Olive oil tasting needs to follow precise rules, and the use of the right tools. A famous cobalt blue glass is one of them.
According to the International Olive Oil Council, an official sensory analysis of olive oil requires a standard glass that has to match some specific and peculiar characteristics. The olive oil tasting glass standard, set in 1987, prescribes the glass for use in the “organoleptic analysis of edible oils.”
Every detail is specified, from its dimensions to the material and design. It has to be made of resistant glass, and it should be dark-colored so that the color of its contents cannot be examined, as this is not a relevant criteria for evaluation. It should be free from scratches or bubbles and the rim shall be even, smooth and flanged. It has to guarantee the maximum steadiness, to prevent the glass from tilting and the oil from being spilled.
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The larger base must easily fit the indentations of a heating unit — it is recommended that samples should be examined at 26-30ºC — and the glass has to be annealed so that it stands the temperature changes. It should also be perfectly cradled in one’s hand, so that the bottom of the glass is kept evenly heated, while the narrow mouth guides the aromas and facilitates their identification.
Finally, each glass should be equipped with a watch-glass larger than the mouth of the glass (10 mm diameter), to prevent the loss of aroma and the intrusion of dust.
Italian glassmaking company Fara produces olive oil tasting glasses perfectly matching the COI standard. Though it never received an official certification by the International Olive Council, their tasting glasses have been used by official tasting panels or tasting courses since their production started in 2006.
The Tuscan company, established 30 years ago not too far from Florence, is specialized in producing glassware and porcelain for hotels and restaurants. They also offer a range of exclusive mouth blown items specifically designed and implemented for food service requirements, including the oil tasting glasses.
“During the last seven years,” says Francesco Caponi, Marketing Manager and son of one of the company’s founders, “demand for olive oil tasting glass has grown considerably. Since when we first launched it, the production shifted from 1,200 units in the first year (2007) to over 6,000 in 2011. For 2012 sales remained steady.”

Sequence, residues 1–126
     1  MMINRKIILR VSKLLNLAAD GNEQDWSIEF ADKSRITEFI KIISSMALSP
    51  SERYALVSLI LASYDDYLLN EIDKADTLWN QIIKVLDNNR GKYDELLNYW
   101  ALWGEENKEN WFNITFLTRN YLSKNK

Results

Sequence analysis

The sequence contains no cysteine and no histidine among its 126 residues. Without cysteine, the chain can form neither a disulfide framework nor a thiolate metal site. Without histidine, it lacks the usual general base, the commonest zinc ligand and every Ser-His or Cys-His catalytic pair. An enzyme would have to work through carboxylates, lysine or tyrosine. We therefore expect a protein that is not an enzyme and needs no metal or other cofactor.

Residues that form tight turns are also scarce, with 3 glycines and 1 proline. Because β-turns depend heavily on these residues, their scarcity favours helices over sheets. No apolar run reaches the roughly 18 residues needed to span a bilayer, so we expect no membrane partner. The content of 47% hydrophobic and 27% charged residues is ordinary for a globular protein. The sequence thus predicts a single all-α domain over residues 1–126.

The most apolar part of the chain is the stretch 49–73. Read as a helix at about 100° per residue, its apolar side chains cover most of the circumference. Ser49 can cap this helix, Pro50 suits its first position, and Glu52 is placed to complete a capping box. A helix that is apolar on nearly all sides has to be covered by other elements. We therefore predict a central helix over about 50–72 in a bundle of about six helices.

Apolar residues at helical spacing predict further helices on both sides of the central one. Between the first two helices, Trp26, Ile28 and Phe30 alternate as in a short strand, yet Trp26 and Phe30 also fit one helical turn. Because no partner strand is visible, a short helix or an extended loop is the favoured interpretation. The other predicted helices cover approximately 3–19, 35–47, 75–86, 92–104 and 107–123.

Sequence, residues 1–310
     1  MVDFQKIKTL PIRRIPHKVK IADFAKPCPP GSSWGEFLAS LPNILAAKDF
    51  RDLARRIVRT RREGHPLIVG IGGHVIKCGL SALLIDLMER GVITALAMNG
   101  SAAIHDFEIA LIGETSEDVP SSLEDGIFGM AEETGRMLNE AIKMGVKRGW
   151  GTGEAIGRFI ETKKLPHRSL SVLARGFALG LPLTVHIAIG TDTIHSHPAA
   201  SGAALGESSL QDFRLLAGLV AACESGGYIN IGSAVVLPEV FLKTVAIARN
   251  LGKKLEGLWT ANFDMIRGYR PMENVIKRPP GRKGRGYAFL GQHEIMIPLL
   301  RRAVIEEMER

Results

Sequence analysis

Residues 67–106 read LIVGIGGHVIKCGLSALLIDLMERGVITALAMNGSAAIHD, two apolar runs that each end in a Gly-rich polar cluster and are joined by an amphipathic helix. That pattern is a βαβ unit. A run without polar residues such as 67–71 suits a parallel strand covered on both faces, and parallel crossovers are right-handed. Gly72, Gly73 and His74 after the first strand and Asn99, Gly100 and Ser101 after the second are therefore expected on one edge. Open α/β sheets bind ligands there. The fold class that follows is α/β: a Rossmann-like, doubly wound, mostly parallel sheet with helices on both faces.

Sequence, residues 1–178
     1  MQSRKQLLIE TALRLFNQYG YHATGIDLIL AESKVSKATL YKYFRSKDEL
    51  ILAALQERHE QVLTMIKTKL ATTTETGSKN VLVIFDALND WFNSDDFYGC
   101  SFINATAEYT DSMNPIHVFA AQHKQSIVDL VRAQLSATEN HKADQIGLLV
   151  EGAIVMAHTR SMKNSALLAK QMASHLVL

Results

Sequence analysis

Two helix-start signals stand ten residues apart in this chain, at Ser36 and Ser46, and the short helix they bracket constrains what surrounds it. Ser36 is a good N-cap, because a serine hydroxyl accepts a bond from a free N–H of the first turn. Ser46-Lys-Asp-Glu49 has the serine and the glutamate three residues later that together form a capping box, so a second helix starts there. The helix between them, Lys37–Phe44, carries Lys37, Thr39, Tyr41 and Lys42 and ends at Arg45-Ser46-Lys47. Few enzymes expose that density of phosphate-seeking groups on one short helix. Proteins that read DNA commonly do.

The production process still has some handcrafting characteristics.
The molten glass crucible (at a temperature of 1,200 Celsius degrees) is put in a refractory pan. The master glazier extracts an incandescent glass ball using an appropriate metal stick. He then places it on a metal plate and starts to shape the glass. Once it has been sketched, but still in an uneven shape, the glass is inserted into a mold and the glazier blows in through the stick, to give all the glasses a similar shape, although no blown glass item is ever identical to another.
The artisan takes the shape out of the mold when it is still soft, and using tongs he cuts the glass still attached to the stick. Using a crack-off machine, he can cut the glass ball open, giving it the shape of a small glass. The oil tasting glass is now finished, but it sill needs to be annealed, that is to say to be put in a final furnace at a lower temperature, where the glass is allowed to slowly cool, to keep it from cracking from thermal stress.
Using the right glass is mandatory for certified tastings and evaluations, yet anyone who uses it once, will easily understand that it is the best way to detect olive oil defects and undesirable flavors, as well as appreciate a good extra virgin olive oil’s aromas and fruitiness at its best, before adding it to any food.